A sampling of economic opinion from around the web. Matt Cooper:

As a short-term player, the manager of the now quarterly Weekend at Bernanke's crisis, Paulson is holding it all together. The questions is this: Will he update his Blueprint, his larger regulatory redo, to reflect the new world we're in. If there's a great gift he could leave before leaving the Treasury Department on January 20, it's to offer up a new regulatory scheme that's fitting for the world we're in.

Paul Krugman:

...as the unknown unknowns have turned into known unknowns, the system has been experiencing postmodern bank runs. These don’t look like the old-fashioned version: with few exceptions, we’re not talking about mobs of distraught depositors pounding on closed bank doors. Instead, we’re talking about frantic phone calls and mouse clicks, as financial players pull credit lines and try to unwind counterparty risk. But the economic effects a freezing up of credit, a downward spiral in asset values are the same as those of the great bank runs of the 1930s.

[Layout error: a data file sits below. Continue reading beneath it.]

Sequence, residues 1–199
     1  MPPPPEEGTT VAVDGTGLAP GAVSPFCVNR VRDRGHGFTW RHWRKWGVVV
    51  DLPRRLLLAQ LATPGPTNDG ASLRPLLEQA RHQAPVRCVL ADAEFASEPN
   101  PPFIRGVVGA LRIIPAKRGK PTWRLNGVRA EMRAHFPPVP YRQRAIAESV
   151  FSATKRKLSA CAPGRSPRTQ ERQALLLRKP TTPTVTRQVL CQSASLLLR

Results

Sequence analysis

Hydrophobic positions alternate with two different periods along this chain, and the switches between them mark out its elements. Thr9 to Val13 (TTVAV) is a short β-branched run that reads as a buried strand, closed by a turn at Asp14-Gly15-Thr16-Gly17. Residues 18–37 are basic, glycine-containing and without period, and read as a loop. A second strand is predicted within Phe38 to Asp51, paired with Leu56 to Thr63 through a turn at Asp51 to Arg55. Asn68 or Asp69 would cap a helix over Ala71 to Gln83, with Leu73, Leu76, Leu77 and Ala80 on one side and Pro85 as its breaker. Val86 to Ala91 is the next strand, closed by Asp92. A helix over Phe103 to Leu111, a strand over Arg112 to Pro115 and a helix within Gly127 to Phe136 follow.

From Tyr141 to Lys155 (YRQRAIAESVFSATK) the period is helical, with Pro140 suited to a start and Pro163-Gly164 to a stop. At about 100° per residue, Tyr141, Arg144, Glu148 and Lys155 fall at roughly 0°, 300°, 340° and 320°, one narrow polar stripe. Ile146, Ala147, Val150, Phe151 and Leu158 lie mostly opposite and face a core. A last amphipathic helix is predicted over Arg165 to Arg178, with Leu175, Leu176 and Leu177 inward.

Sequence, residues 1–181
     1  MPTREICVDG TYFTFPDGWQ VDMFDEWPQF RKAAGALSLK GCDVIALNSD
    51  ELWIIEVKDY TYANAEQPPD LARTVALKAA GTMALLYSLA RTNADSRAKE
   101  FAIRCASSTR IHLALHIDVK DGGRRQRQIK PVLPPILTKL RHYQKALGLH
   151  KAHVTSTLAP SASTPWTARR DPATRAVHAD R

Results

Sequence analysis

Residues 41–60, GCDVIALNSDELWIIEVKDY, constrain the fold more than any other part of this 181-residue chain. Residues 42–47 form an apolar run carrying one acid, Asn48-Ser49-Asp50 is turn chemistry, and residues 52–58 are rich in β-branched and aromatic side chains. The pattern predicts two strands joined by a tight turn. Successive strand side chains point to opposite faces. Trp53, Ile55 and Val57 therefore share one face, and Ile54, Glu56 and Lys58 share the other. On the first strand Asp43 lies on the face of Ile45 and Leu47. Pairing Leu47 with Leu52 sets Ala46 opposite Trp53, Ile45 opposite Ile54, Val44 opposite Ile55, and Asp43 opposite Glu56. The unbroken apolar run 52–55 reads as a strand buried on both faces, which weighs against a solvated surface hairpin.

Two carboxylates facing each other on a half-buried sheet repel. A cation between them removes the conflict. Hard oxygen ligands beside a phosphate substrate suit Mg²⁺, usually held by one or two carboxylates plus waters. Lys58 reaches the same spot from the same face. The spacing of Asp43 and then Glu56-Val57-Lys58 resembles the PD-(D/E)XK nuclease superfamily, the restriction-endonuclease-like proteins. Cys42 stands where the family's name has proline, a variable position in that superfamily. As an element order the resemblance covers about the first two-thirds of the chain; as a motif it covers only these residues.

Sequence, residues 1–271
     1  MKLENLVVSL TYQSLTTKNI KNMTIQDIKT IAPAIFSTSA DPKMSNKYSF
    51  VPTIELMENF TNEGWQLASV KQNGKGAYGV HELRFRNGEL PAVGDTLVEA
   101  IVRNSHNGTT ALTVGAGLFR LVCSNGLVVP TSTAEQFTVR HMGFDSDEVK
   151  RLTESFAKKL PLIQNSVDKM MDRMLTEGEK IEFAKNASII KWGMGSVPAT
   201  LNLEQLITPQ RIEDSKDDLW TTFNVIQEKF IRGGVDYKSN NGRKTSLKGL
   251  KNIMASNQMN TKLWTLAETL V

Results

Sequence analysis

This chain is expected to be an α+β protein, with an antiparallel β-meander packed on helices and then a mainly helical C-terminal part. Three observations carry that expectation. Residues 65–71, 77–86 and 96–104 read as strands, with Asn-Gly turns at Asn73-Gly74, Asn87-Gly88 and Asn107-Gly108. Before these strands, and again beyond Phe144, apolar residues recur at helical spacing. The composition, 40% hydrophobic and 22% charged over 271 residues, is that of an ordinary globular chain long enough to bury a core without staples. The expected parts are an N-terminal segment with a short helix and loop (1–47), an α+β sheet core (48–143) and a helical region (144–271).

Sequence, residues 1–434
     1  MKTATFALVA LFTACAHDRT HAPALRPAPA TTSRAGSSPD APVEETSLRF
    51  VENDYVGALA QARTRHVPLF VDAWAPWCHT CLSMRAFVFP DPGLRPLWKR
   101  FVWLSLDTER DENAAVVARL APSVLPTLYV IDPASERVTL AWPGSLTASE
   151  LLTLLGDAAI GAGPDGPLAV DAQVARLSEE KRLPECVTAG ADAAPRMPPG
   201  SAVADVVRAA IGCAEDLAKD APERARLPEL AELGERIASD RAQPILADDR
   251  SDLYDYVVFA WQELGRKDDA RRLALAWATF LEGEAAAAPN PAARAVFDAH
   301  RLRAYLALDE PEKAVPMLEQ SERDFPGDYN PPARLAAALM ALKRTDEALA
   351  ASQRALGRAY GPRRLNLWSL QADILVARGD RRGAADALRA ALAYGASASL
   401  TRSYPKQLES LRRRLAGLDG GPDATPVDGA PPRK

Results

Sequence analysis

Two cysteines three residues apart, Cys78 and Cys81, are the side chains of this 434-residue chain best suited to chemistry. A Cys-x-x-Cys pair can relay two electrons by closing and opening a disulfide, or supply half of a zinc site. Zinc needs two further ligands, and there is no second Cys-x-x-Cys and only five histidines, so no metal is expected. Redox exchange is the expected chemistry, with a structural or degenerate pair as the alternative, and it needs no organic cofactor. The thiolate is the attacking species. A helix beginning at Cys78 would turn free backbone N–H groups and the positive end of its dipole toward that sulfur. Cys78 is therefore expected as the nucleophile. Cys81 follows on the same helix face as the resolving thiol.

Megan McArdle:

Hank Paulson is drawing a line in the sand.  In the long run, this will be a good thing, for two reasons:  if Lehman winds up in a relatively orderly fashion, it will prove to the market that it can survive a big insolvency.  And it's a clear, strong signal to markets that they shouldn't expect the feds to protect them from counterparty risk.

Jim Manzi:

Unfortunately, letting Lehman go down was probably the right decision.

Hold the glee about obnoxious bankers feeling some pain for a change. The Fed and Treasury have been, over the past year, trying to prevent contagion that could result in a major counterparty collapse. This would cause a lot more suffering on Main Street than Wall Street.

Arnold Kling:

What everybody hopes is that a lot of the mortgage loans will continue to be paid. At some point, the securities that those loans are backing will stop being orphans that nobody wants to adopt. The outstanding balances on the securities will start to decline. Pension funds and college endowments will take them into their portfolios. And the crisis will be behind us.

If it plays out that way, then Ben Bernanke will look even better than General Petraeus.

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